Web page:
Muhammad Atef, best-known as Abu Hafs al-Masri, but who also went by the names Taseer Abdullah or Taysir Abdullah and Subhi Abu Sitta, was al-Qaeda’s military leader between 1996 and 2001, and one of the three people most responsible for the terrorist attack in the United States on 11 September 2001. Continue reading
Mohamedou Ould Salahi, a Mauritanian, was released from Guantanamo Bay back to his home country on Monday. This comes as part of Barack Obama’s effort to drive the number of inmates at the detention centre down as far as possible before his Presidency ends. Salahi is the first detainee transferred since the mass-exodus in August, leaving sixty men at Guantanamo, nineteen of them already approved for transfer. Salahi is among the many detainees who claims he is innocent and that he has been maltreated in custody, and he has written a book, Guantánamo Diary, to that effect. The known facts about Salahi’s pre-detainment behaviour suggest caution should be exercised in accepting his version of events. Continue reading
It was announced on 15 August that fifteen more inmates from the Guantanamo Bay detention facility have transferred, twelve Yemenis and three Afghans, to the United Arab Emirates, the largest individual release of the Obama administration. The U.A.E. also took in five “lower-level” Yemeni detainees in November. The Emirates had previously taken in just one—Abdullah al-Hamiri, in 2008—but President Obama leveraged this deal with the Gulf states at the May 2015 meeting when the Khaleejis were deeply concerned about the then-impending Iran nuclear deal, and in exchange for security reassurances, Obama extracted further concessions.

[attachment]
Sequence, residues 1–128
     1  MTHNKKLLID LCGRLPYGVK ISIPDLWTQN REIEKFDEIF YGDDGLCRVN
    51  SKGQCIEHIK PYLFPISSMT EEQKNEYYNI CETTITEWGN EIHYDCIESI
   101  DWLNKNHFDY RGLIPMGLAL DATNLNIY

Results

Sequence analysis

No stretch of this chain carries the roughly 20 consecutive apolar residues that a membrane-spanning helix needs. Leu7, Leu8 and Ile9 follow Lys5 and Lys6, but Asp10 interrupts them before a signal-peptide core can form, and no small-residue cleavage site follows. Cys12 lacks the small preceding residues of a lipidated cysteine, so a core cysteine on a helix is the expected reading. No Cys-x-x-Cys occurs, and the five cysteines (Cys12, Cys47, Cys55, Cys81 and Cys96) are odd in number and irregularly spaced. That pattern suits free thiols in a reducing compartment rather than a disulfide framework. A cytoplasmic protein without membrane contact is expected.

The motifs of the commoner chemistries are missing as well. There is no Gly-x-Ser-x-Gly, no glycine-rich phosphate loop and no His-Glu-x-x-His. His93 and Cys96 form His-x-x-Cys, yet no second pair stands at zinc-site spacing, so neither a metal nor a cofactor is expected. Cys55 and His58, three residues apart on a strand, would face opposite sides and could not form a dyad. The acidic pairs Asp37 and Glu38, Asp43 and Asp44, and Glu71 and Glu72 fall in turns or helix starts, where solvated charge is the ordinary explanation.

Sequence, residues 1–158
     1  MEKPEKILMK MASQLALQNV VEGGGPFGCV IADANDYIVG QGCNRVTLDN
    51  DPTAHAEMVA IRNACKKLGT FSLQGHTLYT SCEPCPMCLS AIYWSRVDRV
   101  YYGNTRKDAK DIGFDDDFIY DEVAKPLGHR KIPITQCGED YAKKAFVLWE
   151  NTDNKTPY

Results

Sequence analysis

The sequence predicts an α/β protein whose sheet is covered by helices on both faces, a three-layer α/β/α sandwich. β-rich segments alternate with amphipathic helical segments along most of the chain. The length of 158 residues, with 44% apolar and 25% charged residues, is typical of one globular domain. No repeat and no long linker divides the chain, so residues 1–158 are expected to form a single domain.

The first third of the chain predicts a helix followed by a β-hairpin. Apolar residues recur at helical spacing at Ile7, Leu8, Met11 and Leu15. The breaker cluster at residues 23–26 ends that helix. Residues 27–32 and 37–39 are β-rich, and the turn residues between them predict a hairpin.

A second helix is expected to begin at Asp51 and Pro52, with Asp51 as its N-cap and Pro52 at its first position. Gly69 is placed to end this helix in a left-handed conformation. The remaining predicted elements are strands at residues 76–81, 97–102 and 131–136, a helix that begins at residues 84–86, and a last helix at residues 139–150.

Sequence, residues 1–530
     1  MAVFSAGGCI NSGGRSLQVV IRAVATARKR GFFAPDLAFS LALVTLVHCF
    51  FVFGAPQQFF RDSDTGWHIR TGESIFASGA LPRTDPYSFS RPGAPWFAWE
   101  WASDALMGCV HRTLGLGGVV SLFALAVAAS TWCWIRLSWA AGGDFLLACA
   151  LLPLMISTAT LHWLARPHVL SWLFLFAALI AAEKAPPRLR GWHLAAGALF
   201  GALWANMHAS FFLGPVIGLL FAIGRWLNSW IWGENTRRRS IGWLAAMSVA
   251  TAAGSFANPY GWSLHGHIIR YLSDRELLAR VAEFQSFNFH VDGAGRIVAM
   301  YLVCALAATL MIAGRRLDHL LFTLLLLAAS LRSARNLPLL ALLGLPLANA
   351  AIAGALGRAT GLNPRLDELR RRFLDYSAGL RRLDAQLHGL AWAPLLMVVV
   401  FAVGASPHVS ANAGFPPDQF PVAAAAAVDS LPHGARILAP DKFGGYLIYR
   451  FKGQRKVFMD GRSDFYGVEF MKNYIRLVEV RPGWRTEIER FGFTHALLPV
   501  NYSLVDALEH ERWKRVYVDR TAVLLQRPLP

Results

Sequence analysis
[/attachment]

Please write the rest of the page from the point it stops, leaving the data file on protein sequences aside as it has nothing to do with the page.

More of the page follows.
One reason why so many jihadists have been released to the U.A.E., other than having a similar language and culture, is because the U.A.E. has a competent security apparatus to monitor these people. Those released last November were kept in “a custodial rehabilitation program“—a version of house-arrest, basically. The conditions this time around are less clear.
What is clear is just how dangerous the operatives who are being let out of the Guantanamo detention facility are. Every single one of them has been assessed as posing a “high” risk to America, her interests, and her allies. Continue reading
As a final act while the Democrats hold their majorities in Congress, the United States Senate Select Committee on Intelligence (SSCI) released a report on December 9, the “Committee Study of the Central Intelligence Agency’s Detention and Interrogation Program”, known to the Twitterverse as the “Torture Report”. This has reignited the debate about America’s use of harsh interrogation methods, the so-called “enhanced interrogation techniques” (EITs), against al-Qaeda operatives in the shadow of the 9/11 massacre. The politics surrounding this matter—even on basic questions, such as whether discomfort works to induce cooperation in detainees—are poisonous, and the publication of this partisan Committee Study has done nothing to assist this environment. One means of trying to get at the truth is to examine a counterpoint, the 2012 book, Hard Measures: How Aggressive CIA Actions After 9/11 Saved American Lives, a memoir by Jose Rodriguez, the man who oversaw the Central Intelligence Agency’s Counterterrorism Centre from 2001 to 2004. Continue reading